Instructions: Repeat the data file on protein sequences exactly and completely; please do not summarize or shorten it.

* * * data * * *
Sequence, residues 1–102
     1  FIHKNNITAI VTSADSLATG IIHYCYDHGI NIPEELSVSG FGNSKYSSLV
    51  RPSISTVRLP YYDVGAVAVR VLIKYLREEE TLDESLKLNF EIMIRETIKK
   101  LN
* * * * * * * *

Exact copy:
Sequence, residues 1–102
     1  FIHKNNITAI VTSADSLATG IIHYCYDHGI NIPEELSVSG FGNSKYSSLV
    51  RPSISTVRLP YYDVGAVAVR VLIKYLREEE TLDESLKLNF EIMIRETIKK
   101  LN